Israel: No Comment on Iran's Claim it Downed a Drone over Natanz
Iran's elite Revolutionary Guard said it has brought down an Israeli stealth drone above the Natanz uranium enrichment site in the center of the country.
"A spy drone of the Zionist regime (Israel) was brought down by a missile... This stealth drone was trying to approach the Natanz nuclear zone," the corps said in a statement on its official website sepahnews.com.
This act demonstrates a new adventurism by the Zionist regime... The Revolutionary Guard and the other armed forces reserve the right to respond to this act," the statement added.
An Israeli spokesman told AFP in Jerusalem on Sunday that the military does "not address foreign media reports".
Natanz is Iran's main uranium enrichment site, housing more than 16,000 centrifuges. Around 3,000 more are at the Fordow plant, buried inside a mountain and hard to destroy.
Israel has often threatened to attack Iranian nuclear installations.
Iran and the P5+1 powers -- Britain, China, France, Russia, the United States and Germany -- reached a six-month interim agreement under which Iran suspended part of its nuclear activities in return for a partial lifting of international sanctions.
In July, that deal was extended by four months, until November 24, to give the two sides more time to negotiate a final accord aimed at ending 10 years of tensions over Iran's nuclear program.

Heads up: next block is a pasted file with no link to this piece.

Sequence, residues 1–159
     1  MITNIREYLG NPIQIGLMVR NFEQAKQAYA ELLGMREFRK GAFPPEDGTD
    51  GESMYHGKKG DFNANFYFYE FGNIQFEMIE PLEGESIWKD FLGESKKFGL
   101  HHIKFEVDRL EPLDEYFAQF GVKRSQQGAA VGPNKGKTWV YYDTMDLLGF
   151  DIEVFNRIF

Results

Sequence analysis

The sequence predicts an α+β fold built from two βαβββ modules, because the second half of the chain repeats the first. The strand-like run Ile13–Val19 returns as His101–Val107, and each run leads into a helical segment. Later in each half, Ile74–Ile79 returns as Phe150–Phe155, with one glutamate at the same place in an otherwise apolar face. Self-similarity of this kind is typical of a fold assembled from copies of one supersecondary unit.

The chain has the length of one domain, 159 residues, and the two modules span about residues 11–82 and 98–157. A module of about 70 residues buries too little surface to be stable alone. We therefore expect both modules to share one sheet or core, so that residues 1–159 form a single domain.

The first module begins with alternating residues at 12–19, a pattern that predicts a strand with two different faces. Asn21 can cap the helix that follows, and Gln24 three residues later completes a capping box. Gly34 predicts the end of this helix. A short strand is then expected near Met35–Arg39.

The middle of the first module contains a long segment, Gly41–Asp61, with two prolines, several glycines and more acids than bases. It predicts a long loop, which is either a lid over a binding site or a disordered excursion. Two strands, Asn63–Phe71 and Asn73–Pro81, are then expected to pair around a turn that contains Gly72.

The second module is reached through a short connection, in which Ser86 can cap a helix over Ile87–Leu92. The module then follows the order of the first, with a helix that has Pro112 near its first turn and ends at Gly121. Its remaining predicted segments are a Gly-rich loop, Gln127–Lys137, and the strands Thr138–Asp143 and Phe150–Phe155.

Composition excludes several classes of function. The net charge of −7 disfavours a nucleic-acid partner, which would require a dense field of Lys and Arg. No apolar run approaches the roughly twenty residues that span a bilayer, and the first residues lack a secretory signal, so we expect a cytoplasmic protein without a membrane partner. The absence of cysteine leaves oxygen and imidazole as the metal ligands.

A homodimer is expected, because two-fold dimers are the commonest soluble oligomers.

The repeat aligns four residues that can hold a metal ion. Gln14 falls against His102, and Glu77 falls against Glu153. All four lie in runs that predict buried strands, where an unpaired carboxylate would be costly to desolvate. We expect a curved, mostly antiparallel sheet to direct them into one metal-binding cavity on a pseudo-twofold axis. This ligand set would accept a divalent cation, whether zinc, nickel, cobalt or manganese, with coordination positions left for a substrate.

The sides remain split on how much uranium enrichment Iran should be allowed to carry out.
Washington wants Tehran to slash its program by three-quarters, but Iran wants to expand enrichment ten-fold by 2021, chiefly to produce fuel for its Bushehr nuclear power plant.
Israel, which Iran considers its sworn enemy, opposes any agreement allowing Tehran to keep part of its uranium enrichment program saying Iran would use the material to make an atomic bomb.
Iran has repeatedly vowed to wipe Israel off the map.
In 2010, the Israeli Air Force launched an unmanned aerial vehicle (UAV), dubbed "Eitan," "Heron TP" or "Heron 2", which can stay in the air 24 hours and can reach Iran.
“The ‘Eitan’ marks a technological breakthrough and a new level in the Air Force's ability to operate against threats, near and far, in its every day missions and during emergencies,” IDF spokesmen said.
Military officials declined to say whether the new UAV was designed for use against Iran and did not specifically mention the Islamic Republic, but foreign news services noted that the Eitan can fly as far as Iran.
"The launching of this airplane is another substantial landmark in the development of unmanned aerial vehicles.” Maj.-Gen. Nehushtan said. “They have gone from the humble beginning of their development, with initial operational results during the first Lebanon war, to the substantial and professional apparatus that now accompanies almost any air force operational frame work.”
The Eitan was grounded for much of 2012 following a mysterious crash during test flights.